Marvelling at our good fortune, we past quite some time enjoying our locale, wading in the little lagoon in front of us (we were allocated the loungers at the very end of our stretch of civilisation so the lagoon felt like it was just ours), I wandered back into the palms to investigate the clothing and jewellery stores… And eventually we lunched. We had to have a Goan fish curry and felt it matched with the 12 Queen prawn dish and of course a garlic naan, not bad for under R100 in total!

Back to the loungers! What a great way to spend an afternoon – reading, chilling, swimming and people-watching. Bliss!

At 4pm we headed back toward town, needing to find an ATM and wanting to be showered, clean and back at the beach for the 6pm sunset for sundowners and dinner.

The walk to the ATM (seemingly in the next village) was hair-raising with the way cars drive all too close and hoot at the sight of absolutely anything and everything, but we made it, got cash and celebrated our success with a litre (the standard serving size at the convenience store) of ice-cold Mirinda before turning around and heading back.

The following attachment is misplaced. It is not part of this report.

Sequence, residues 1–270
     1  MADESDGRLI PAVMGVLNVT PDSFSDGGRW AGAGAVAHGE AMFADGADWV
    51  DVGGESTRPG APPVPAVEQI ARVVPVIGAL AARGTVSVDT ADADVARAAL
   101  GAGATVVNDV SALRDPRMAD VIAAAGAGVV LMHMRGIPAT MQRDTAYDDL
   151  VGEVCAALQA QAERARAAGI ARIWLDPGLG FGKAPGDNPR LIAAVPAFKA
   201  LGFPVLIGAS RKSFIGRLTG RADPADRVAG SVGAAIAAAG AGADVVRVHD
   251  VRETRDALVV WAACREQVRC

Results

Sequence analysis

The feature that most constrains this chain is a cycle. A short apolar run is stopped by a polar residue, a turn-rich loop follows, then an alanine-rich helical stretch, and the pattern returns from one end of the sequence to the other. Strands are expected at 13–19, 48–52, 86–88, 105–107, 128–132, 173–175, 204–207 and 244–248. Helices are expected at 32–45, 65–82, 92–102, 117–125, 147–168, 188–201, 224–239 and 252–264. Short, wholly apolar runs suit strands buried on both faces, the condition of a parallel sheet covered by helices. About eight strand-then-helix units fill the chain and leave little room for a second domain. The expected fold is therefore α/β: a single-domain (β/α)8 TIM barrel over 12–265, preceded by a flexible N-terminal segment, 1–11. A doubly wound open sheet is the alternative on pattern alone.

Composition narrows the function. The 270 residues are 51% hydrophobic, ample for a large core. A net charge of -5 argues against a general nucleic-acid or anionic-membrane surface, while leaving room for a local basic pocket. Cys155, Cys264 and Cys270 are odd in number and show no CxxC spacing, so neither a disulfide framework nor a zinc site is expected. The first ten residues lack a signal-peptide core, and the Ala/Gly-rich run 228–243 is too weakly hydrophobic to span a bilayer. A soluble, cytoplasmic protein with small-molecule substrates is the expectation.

Back at our hotel, we appreciated the small things like hot showers, flushing toilets and toilet paper and were soon clean and fresh and off back to the beach. Having stopped in at almost every shop on our way home, we were greeted by almost every shopkeep on our way back out (they sit outside their shops on the pavement and only turn on lights and aircon inside when punters go in). Majorda Beach is starting to feel a bit like Cheers, except everyone calls us “South Africa” because the inevitable first question is where we are from.